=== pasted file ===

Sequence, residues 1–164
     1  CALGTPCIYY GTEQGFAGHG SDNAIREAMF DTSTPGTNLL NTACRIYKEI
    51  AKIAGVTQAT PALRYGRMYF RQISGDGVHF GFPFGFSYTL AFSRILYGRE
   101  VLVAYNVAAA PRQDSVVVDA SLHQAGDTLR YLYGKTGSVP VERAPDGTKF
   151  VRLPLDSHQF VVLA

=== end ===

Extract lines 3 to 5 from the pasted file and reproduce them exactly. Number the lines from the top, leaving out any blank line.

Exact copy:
    51  AKIAGVTQAT PALRYGRMYF RQISGDGVHF GFPFGFSYTL AFSRILYGRE
   101  VLVAYNVAAA PRQDSVVVDA SLHQAGDTLR YLYGKTGSVP VERAPDGTKF
   151  VRLPLDSHQF VVLA